In order to achieve as high a porosity of the bead polymer as is possible, preferably certain inert, liquid components are added to the polymerization system or, preferably, to the monomers. These components are to be understood to be those materials in which the monomers are readily soluble or which are readily soluble in the monomers or which are miscible with them, but, on the other hand, are virtually insoluble in the dispersing medium and thus are not miscible with it. According to their behavior toward the appropriate copolymers, the inert components can be divided into swelling and/or precipitating agents. In the case of a hydrophilic matrix, polar inert agents will, as a rule, favor swelling, such as, for example, dimethylformamide, dimethyl sulfoxide, dioxane, water to a certain extent etc., while non-polar substances, such as glycerol triacetate etc., prove to be precipitating agents for the copolymer. The same applies to the converse case, i.e. non-polar solvents will serve as swelling agents for hydrophobic polymers. The optimal inert agent or mixture of inert agents can readily be determined by a few simple routine experiments. In particular, when bead polymers having relatively low degrees of crosslinking are aimed at, it may well be advisable to use a mixture of a polar and a non-polar inert agent. The inert components do not participate in the polymerization, but are coated by the polymer and are dissolved out again during work-up. This produces permanent pores. The pore size can be affected by the type and amount of the inert component, but also depends on the amount of crosslinking component.

The inert components can be used alone or in mixtures. Examples which may be mentioned are: methanol and its higher homologs, ethylene glycol, methylglycol, propylglycol, diethylene glycol, 1,4-butanediol, glycerol, polyethylene glycol, diethylene glycol dimethyl ether, glycerol triacetate, ethylene carbonate, formamide, dimethylformamide, dimethyl sulfoxide, dioxane, water to a certain extent etc.

The amount of inert component added can be widely varied. It depends, inter alia, on the monomer composition of the carrier, in particular its content of cross-linker, the desired porosity (pore size) and of the exact intended use of the carrier polymer. Thus, when the degree of crosslinking is high, a correspondingly large amount of inert component is advisable in order to achieve a specified porosity (pore size). Equally, at one and the same degree of crosslinking, the porosity (pore size) will be larger the more inert component is employed. Obviously, this can only be increased within certain limits, since otherwise the thickness of the walls of the hollow beads, and thus their mechanical stability, becomes too low. In most cases, an amount of inert agent which corresponds to 0.02 to 5 times, preferably 0.04 to 3 times, the amount of monomers employed will provide satisfactory results.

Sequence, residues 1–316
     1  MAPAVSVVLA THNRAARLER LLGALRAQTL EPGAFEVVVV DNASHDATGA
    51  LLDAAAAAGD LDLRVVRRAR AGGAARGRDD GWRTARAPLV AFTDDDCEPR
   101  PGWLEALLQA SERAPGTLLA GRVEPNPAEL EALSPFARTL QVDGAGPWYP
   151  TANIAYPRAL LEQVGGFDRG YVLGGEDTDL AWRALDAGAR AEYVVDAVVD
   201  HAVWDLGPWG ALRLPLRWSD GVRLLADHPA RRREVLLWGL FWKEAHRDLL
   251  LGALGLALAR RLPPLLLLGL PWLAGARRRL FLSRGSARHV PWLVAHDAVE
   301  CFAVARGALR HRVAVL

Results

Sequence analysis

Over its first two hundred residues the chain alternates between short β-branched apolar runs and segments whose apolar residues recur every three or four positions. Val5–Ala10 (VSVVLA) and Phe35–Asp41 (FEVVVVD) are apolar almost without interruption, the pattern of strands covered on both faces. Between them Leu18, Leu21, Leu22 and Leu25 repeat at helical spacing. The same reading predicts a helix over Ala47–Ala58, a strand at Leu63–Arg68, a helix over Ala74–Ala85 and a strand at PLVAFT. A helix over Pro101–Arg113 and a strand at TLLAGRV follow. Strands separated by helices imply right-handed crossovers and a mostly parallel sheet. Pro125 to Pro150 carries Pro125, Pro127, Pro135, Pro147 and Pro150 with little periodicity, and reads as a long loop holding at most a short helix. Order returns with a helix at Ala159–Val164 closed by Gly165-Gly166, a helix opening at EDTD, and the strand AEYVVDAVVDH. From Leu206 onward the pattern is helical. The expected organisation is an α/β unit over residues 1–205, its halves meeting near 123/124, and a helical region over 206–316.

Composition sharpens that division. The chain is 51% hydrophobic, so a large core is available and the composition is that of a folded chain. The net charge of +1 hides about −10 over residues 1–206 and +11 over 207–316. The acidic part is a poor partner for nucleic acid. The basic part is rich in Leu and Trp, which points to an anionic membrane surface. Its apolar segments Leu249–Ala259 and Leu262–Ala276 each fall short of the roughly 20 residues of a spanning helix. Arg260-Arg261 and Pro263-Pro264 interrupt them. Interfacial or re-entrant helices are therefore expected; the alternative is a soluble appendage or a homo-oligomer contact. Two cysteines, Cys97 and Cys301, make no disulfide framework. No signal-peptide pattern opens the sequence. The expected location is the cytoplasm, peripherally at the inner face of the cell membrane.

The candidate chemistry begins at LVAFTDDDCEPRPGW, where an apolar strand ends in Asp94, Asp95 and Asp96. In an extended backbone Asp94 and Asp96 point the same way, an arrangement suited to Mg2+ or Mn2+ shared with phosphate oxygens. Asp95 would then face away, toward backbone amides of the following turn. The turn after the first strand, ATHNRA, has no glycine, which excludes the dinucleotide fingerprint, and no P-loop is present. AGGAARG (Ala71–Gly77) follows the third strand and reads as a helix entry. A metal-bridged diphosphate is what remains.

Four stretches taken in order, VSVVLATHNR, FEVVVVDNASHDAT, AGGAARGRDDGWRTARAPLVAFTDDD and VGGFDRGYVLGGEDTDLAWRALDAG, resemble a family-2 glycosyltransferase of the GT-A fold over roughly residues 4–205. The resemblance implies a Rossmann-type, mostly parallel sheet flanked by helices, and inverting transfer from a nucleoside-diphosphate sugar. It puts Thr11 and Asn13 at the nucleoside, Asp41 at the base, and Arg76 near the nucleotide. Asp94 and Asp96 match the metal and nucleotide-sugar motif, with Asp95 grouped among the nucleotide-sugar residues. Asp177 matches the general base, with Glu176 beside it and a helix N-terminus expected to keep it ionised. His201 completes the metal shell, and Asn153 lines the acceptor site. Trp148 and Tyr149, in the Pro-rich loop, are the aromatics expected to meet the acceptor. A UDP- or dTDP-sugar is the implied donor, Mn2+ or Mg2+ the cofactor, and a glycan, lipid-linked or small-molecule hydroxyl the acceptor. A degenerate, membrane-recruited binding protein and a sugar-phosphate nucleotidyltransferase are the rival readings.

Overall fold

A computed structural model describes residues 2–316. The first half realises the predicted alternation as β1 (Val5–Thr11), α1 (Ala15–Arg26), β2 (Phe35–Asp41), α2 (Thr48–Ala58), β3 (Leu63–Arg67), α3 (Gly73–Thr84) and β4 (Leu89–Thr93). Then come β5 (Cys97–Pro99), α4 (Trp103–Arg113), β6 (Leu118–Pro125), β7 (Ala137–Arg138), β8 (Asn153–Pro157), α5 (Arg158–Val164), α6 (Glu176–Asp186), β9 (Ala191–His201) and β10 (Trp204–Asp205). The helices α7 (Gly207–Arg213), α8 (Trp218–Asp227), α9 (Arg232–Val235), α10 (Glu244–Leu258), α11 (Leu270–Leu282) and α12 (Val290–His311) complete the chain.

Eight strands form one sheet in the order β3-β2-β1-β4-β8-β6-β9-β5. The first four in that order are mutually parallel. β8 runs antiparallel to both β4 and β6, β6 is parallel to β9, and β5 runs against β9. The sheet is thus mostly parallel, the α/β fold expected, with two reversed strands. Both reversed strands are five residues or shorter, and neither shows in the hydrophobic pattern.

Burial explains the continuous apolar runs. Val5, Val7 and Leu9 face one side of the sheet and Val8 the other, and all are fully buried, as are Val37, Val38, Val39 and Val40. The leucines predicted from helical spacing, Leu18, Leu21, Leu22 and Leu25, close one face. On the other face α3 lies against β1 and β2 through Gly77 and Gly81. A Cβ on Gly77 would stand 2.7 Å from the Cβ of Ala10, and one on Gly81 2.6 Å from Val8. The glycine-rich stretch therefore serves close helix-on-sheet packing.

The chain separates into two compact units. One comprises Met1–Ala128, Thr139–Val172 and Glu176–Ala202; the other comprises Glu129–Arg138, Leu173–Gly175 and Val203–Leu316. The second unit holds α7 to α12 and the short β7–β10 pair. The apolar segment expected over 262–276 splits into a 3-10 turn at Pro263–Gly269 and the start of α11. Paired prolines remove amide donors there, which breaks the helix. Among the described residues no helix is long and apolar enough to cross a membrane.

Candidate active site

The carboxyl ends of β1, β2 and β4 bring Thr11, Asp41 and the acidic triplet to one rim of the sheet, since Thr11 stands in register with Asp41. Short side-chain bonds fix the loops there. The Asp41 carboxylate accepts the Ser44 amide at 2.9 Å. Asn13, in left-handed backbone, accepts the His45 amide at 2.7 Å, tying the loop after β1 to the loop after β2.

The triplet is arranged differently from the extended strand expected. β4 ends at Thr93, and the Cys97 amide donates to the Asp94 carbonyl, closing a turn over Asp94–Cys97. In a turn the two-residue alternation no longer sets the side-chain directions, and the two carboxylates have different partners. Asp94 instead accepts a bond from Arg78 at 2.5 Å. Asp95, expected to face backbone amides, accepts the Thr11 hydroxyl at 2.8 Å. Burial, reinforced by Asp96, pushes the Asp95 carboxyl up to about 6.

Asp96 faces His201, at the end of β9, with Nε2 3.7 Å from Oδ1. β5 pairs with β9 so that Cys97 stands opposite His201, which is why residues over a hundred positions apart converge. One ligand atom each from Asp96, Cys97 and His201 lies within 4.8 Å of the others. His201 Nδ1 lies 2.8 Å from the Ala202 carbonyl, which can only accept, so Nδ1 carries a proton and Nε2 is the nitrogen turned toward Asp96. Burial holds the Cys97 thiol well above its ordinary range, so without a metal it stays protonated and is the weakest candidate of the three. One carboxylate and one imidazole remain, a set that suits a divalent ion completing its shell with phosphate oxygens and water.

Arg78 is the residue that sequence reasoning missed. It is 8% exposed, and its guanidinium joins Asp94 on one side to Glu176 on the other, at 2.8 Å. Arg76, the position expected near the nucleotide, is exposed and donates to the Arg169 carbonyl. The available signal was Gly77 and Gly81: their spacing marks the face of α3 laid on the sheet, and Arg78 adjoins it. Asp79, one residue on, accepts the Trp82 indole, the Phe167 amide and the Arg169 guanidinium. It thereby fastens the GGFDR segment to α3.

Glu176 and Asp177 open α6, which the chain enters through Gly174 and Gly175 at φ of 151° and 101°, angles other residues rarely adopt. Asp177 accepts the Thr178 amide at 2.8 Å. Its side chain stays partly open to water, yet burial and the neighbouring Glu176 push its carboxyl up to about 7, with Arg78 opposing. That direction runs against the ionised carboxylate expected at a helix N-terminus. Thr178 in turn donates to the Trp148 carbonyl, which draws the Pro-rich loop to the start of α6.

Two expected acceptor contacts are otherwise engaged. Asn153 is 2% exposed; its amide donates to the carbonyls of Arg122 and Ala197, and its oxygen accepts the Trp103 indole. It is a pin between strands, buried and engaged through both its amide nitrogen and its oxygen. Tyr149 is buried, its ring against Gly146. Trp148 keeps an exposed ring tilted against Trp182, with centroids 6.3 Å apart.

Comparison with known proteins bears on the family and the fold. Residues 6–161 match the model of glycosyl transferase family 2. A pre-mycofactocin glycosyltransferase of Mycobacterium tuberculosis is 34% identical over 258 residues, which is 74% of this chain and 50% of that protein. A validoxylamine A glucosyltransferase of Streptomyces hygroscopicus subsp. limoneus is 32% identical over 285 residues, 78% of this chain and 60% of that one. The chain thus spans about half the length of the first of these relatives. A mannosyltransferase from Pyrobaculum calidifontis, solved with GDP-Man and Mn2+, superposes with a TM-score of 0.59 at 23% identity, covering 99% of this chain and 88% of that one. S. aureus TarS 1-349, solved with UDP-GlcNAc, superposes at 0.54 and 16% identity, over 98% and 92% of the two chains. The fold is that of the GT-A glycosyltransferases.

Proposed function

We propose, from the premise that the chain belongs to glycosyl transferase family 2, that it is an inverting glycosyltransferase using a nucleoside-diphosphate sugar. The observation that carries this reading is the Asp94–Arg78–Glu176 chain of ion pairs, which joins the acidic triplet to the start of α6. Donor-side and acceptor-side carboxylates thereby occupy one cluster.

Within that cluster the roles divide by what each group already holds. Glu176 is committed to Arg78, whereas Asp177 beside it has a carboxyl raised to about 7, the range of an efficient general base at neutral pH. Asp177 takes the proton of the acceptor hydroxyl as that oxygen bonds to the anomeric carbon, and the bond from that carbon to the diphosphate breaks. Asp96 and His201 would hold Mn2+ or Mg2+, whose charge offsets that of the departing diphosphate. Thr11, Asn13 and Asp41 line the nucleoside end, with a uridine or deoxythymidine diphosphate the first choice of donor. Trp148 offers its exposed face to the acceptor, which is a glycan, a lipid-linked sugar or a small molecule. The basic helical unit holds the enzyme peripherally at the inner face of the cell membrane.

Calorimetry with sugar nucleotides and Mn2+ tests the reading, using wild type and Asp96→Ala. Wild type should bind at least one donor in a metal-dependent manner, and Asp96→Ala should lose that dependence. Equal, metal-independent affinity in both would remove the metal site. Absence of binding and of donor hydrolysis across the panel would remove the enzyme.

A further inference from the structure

The vinylene carbonate and the other comonomer(s) are employed in amounts such that the resulting polymer has the previously mentioned amounts of monomer units. With this aim, the vinylene carbonate is used, as a rule, in amounts of 5 to 95 mole-%, preferably 10 to 85 mole-%, relative to the total mixture of monomers. On the other hand, the amount of hydrophilic monomers is usually 3 to 60 mole-%, preferably 15 to 35 mole-%, relative to the total mixture of monomers, and the amount of crosslinking monomers, when employed, is up to 60 mole-%, preferably 2 to 35 mole-%, relative to the total amount of monomers.

The process according to the invention is advantageously carried out in a reaction vessel which is provided with a stirring device, at temperatures of, usually, 20-150 C., preferably 65-125 C. The particle size of the bead polymer is adjusted in a known manner by the speed of stirring and the phase ratio. It is particularly advantageous to use a vertical cylindrical vessel with a flat base, which is provided with a stirrer which is rotated coaxially and the shaft of which almost reaches the base of the vessel. The reaction vessel is preferably vacuum-tight and can be provided with a reflux condenser, addition funnel, gas introduction tube and temperature measuring device. The heating and cooling of the vessel is generally brought about by a liquid bath, for example an oil bath or water bath.